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    Do these trees have any commercial value?

    Makes you wonder if Robert Garrison isn't going to blamed for just about everything from now until eternity!

  6. #6
    Senior Member The Hikers's Avatar
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    The Tree damage is within site of the summit of Sentinel. I thought it wise to post the report here so as to establish a record of when it was first noticed. I considered it might be the work of a youngster trying out his new hatchet, but the job seems too well done and methodical. It remains a mystery to me, but I hate to see trees killed in this way.

  7. #7
    Banned Kevin Rooney's Avatar
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    Quote Originally Posted by The Hikers View Post
    ... I considered it might be the work of a youngster trying out his new hatchet, but the job seems too well done and methodical. It remains a mystery to me, but I hate to see trees killed in this way.
    As others have noted, this practice is called girdling, and is done the world over. If I remember my biology classes correctly, water and nutrients are carried in a layer of the bark (I think it's called the cambrium layer). Trees often live with a only a small strip of cambrium layer - the Bristlecone Pines are a notable example of this - intact. But, if the ring is complete, it nearly always kills the tree.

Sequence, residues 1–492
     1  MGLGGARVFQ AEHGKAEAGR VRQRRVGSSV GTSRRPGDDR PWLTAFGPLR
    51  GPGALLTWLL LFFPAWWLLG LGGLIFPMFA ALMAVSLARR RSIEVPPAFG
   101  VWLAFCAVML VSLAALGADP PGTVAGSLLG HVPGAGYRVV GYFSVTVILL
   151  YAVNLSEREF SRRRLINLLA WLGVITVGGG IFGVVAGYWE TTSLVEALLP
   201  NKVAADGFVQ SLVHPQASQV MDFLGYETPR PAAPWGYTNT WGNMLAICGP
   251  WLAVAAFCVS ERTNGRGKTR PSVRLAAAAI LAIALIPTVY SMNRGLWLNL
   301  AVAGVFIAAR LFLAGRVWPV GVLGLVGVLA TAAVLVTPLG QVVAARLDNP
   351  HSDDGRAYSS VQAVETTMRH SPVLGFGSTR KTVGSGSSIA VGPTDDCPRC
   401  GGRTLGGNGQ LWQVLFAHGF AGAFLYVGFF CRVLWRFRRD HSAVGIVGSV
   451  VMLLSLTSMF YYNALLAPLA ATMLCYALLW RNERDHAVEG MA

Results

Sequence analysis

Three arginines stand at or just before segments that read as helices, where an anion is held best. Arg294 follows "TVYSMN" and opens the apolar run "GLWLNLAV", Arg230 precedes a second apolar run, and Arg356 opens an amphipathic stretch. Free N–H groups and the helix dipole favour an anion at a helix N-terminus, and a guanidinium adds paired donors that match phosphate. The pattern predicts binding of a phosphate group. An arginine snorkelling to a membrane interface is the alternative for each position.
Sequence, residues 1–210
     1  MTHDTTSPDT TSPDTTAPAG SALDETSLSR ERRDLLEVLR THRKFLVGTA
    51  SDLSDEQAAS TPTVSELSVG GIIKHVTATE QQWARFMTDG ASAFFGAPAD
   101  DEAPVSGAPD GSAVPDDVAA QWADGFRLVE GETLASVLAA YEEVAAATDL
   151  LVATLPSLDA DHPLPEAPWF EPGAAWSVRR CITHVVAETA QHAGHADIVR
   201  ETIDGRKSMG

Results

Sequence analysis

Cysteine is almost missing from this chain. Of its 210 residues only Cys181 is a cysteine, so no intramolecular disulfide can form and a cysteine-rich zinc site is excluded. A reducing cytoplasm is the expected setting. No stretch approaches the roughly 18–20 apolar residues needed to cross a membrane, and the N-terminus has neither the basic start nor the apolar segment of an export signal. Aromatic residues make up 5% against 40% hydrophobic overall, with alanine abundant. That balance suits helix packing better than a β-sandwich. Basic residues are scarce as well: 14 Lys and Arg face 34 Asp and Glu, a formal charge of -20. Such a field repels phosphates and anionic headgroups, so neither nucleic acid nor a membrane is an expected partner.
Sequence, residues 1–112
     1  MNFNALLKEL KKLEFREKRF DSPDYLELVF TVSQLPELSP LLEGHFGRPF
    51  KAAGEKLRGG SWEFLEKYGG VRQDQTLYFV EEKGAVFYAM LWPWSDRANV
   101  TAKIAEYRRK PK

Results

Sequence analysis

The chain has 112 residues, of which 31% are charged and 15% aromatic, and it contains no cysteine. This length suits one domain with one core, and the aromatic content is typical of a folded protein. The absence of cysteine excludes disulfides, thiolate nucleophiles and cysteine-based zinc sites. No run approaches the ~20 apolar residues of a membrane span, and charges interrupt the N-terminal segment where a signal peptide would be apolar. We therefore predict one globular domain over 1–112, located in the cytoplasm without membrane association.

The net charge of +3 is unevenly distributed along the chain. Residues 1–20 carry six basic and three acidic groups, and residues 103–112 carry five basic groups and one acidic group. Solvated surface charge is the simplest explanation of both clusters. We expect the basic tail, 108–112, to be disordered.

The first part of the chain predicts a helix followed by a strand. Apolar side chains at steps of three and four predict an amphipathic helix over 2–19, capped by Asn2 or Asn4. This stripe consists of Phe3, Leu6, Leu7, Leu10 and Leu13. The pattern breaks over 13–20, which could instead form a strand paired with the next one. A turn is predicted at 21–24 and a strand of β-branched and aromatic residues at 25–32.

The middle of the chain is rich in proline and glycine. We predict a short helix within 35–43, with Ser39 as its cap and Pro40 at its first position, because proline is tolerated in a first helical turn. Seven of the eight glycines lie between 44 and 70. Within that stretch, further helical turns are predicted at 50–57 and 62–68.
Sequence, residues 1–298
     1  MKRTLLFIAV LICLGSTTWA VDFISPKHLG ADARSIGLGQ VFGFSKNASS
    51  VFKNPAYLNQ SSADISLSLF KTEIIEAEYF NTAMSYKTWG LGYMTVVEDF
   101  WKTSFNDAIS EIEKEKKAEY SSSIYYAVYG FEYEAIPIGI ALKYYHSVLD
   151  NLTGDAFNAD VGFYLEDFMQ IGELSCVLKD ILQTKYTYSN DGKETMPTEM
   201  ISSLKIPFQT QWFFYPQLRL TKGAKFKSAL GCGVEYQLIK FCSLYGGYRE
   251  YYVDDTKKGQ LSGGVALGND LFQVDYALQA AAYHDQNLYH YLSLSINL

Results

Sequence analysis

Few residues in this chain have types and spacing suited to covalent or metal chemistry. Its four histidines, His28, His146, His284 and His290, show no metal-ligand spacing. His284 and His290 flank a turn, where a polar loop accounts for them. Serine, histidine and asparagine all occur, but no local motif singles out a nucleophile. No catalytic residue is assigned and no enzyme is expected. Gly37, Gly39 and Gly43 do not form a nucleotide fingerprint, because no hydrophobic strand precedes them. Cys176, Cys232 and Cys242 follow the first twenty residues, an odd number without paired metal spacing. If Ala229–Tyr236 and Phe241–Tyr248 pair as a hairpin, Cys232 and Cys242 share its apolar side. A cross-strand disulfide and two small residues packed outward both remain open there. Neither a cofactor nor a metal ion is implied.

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    Senior Member Amicus's Avatar
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    Quote Originally Posted by Kevin Rooney View Post
    Makes you wonder if Robert Garrison isn't going to blamed for just about everything from now until eternity!
    I didn't hear anyone blaming Bob Garrison for this. He hasn't been to Sentinel (or Bayle) in over a year, for one thing, and even his most malicious detractors in past crap-fests here have never accusd him of this.

    I think it should be noted that, from The Hikers' account, this happened near portions of Sentinel that have been actively logged over the past couple of years. Moreover, this thread is also running on another website, and there, The Hikers added:

    The work was VERY recent. Logging cuts had been made approaching the steep part of the climb. Additionally a few trees had been blazed and marked in various colors a little further down.These trees were on the "back side" just off the summit.
    So, while my wild guess may be no better than anybody else's, it strikes me that this may be as likely to be connected with logging, as motivated by malice.

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    Senior Member stopher's Avatar
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    Looks like two oaks and a spruce. Definitely done this fall. All the chips are on top of the leaves. The oaks aren't very big and there's not much of a spruce market in the Ossipee area, except for pulp. Last I knew, timber trespass fines were 4x the commercial value. Wouldn't be worth collecting. Forest management practices rarely use girdling as a management tool, and when they do, a couple of kerfs with a chain saw are a lot easier and faster than using an axe.